The client was also touched by the concern that the respondent showed over her mother`s illness. He was always attentive, concerned, caring and sensitive to the client. He made several attempts to be intimate with her. He also told her that, as she had started divorce proceedings, she should not allow her then husband into her bedroom. He told the client that they would eventually end up together and even started dictating what she should wear and how she should behave.

On or about 12 May 1995, the respondent took the client to Kuala Lumpur where they stayed at the Shangri-La Hotel. There, he confirmed that he would divorce his wife and marry her. During this visit to Kuala Lumpur, although they booked into separate hotel rooms, they had sex on several occasions in her room. They returned to Singapore on 15 May 1995. The next day, she received a bouquet of flowers from the respondent with a message which read `- A - Thanks! You know the rest. - D - `.

From 25 May to 29 May 1995, the respondent and the client were in Kuala Lumpur again and shared a room at the Shangri-La Hotel. During their stay in Kuala Lumpur, they had sex on several occasions and the respondent also wrote several messages to the client declaring his love for her.

In late May 1995, the respondent took the client and her mother to dinner at the American Club. The client`s mother was impressed by the manner and sincerity of the respondent, who also professed his intention to marry the client after he had sorted out his own marital problems.

On the respondent`s advice, the client moved out of her matrimonial home with her mother in June or July 1995 and moved into a property at Jalan Puteh Jernah. Before the client and her mother moved into the new residence, she had sex there with the respondent on several occasions at his request while the premises were still vacant. They also frequently had sex in the car park of the Botanical Gardens extension in Cluny Road.

The client`s decree nisi was granted on 6 July 1995. On 29 July 1995, the client and the respondent visited the Pangkor Laut Resort and stayed there in the same room until 1 August 1995. During their stay there, they had sex on several occasions.

Meanwhile, after the client had started her divorce proceedings, her then husband made several attempts to reconcile. By then, the client was convinced by the respondent that there was no way her then husband could treat her as well as the respondent had done.

In September...

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8 cases
  • Law Society of Singapore v Wong Sin Yee
    • Singapore
    • High Court (Singapore)
    • 13 August 2003
    ...his release from prison one and half years ago, he has not resumed practice. 25 In Law Society of Singapore v Singam Dennis Mahendran [2001] 1 SLR 566, the charge against the respondent was that he had carried on a sexual relationship with a client who came to him for legal assistance to di......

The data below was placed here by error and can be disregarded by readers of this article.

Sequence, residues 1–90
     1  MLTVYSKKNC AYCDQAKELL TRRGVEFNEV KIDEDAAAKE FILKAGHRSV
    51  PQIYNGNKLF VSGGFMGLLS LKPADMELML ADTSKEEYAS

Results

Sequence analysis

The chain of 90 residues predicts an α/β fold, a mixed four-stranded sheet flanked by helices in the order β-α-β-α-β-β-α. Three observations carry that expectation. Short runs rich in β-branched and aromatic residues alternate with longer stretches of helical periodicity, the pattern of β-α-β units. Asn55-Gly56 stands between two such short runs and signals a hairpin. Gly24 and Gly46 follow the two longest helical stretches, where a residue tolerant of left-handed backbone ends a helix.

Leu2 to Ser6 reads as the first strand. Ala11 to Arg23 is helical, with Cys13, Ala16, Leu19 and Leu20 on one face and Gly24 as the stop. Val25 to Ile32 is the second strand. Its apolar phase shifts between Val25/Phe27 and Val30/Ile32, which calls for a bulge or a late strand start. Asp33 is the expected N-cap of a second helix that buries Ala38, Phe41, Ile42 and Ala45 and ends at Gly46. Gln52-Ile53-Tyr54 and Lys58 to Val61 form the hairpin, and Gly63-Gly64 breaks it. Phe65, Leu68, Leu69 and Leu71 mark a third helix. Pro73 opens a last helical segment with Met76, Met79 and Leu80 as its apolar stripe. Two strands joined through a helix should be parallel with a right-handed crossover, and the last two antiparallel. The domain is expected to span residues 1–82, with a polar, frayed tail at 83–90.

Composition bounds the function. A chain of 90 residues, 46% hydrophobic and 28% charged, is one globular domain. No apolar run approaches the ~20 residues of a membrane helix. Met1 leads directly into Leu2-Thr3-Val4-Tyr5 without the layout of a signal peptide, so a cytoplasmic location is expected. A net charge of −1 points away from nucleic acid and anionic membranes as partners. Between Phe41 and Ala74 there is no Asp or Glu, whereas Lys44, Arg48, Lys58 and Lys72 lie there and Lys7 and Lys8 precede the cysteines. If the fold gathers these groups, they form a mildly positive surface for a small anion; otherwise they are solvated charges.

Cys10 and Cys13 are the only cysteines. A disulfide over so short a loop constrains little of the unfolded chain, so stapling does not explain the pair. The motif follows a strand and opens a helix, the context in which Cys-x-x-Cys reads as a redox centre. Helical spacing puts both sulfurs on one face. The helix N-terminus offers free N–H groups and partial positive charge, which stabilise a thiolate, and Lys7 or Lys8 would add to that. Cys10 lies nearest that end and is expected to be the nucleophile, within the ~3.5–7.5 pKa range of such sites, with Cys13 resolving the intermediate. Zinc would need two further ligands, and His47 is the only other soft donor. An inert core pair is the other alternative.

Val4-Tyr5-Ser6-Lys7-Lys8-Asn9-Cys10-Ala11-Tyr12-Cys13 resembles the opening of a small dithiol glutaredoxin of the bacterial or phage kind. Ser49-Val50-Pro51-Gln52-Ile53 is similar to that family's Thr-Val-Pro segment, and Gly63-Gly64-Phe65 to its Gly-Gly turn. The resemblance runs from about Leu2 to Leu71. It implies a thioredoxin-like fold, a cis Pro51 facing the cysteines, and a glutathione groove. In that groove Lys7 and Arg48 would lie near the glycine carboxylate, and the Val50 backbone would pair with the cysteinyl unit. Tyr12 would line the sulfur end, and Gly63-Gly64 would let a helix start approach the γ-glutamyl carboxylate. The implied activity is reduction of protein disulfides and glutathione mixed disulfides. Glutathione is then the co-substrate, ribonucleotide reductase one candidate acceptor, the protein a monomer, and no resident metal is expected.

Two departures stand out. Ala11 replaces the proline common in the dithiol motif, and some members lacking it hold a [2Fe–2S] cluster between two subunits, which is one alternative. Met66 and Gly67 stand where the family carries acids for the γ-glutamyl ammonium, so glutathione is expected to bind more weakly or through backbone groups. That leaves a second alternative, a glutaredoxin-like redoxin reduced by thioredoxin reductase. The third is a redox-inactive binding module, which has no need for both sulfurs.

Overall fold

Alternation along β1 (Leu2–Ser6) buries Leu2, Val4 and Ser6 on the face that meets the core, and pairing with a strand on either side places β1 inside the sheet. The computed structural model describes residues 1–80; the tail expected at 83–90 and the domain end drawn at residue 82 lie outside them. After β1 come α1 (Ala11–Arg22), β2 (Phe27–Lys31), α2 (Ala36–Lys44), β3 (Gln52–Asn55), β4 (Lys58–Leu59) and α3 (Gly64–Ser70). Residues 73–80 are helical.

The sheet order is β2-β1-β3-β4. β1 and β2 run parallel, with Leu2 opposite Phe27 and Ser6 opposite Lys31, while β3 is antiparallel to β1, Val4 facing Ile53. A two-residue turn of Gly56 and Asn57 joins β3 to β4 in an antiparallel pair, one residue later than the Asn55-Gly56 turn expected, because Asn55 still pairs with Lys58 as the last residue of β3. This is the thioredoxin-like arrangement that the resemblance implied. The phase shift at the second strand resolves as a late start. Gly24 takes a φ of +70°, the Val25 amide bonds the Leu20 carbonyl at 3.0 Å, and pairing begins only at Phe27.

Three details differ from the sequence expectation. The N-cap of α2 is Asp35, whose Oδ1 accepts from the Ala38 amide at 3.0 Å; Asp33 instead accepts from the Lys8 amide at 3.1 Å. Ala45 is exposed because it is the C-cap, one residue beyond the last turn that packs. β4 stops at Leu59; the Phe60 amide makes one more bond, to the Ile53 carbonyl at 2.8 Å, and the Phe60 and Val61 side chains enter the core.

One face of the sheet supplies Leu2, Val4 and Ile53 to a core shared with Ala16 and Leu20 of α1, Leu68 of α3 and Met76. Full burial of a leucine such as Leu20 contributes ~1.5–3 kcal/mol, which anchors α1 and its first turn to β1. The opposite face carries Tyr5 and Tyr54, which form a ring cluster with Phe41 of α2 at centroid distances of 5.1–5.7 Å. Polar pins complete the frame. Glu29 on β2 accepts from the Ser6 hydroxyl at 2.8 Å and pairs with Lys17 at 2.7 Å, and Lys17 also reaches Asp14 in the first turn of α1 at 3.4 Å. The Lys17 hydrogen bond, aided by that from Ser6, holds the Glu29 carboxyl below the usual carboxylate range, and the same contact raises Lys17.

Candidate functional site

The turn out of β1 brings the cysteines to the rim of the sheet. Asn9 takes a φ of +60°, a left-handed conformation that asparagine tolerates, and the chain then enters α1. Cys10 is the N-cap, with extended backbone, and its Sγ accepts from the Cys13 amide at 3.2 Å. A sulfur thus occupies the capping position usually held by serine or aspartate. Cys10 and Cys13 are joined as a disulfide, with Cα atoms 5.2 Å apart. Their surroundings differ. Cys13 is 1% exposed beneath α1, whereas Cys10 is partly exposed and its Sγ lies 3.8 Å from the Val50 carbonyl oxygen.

• Datuk M Kayveas v Bar Council
    • Malaysia
    • Federal Court (Malaysia)
    • Invalid date
  • Law Society of Singapore v Ganesan Krishnan
    • Singapore
    • High Court (Singapore)
    • 13 February 2003
    ...eg Law Society of Singapore v Arjan Singh Chotrani Bisham [2001] 1 SLR 684 at 691; Law Society of Singapore v Singham Dennis Mahendran [2001] 1 SLR 566 at 575; Law Society of Singapore v Heng Guan Hong Geoffrey [2000] 1 SLR 361 at Any solicitor who is shown to have discharged his profession......
  • Law Society of Singapore v Chan Chun Hwee Allan
    • Singapore
    • Court of Three Judges (Singapore)
    • 30 January 2018
    ...of Singapore v Ravindra Samuel [1999] 1 SLR(R) 266; [1999] 1 SLR 696 (folld) Law Society of Singapore v Singham Dennis Mahendran [2001] 1 SLR(R) 1; [2001] 1 SLR 566 (refd) Law Society of Singapore v Tan Buck Chye Dave [2007] 1 SLR(R) 581; [2007] 1 SLR 581 (refd) Law Society of Singapore v T......
  • Request a trial to view additional results
3 books & journal articles
  • Legal Profession
    • Singapore
    • Singapore Academy of Law Annual Review Nbr. 2004, December 2004
    • 1 December 2004
    ...other relevant factors to produce a difference between suspension and censure: see Law Society of Singapore v Singham Dennis Mahendran[2001] 1 SLR 566. In serious cases, it may add to the gravity of the deficiency in observance of the requisite standards to produce a striking off. One could......
  • Legal Profession
    • Singapore
    • Singapore Academy of Law Annual Review Nbr. 2001, December 2001
    • 1 December 2001
    ...He was therefore suspended from practice and not struck off the roll. 18.38 In Law Society of Singapore v Singham Dennis Mahendran[2001] 1 SLR 566, the advocate and solicitor had taken advantage of an emotionally vulnerable client and allowed his self-interest in initiating and maintaining ......
  • CASE NOTE:LAW SOCIETY OF SINGAPORE v SINGHAM DENNIS MAHENDRAN [2001] 1 SLR 566
    • Singapore
    • Singapore Academy of Law Journal Nbr. 2001, December 2001
    • 1 December 2001
    ...of the Act has never been before the courts until recently in Law Society of Singapore v Singham Dennis Mahendran (“the Respondent”)[2001] 1 SLR 566. This is the first case in Singapore of an advocate and solicitor facing disciplinary action for sexual misconduct. The Case: A Disciplinary C......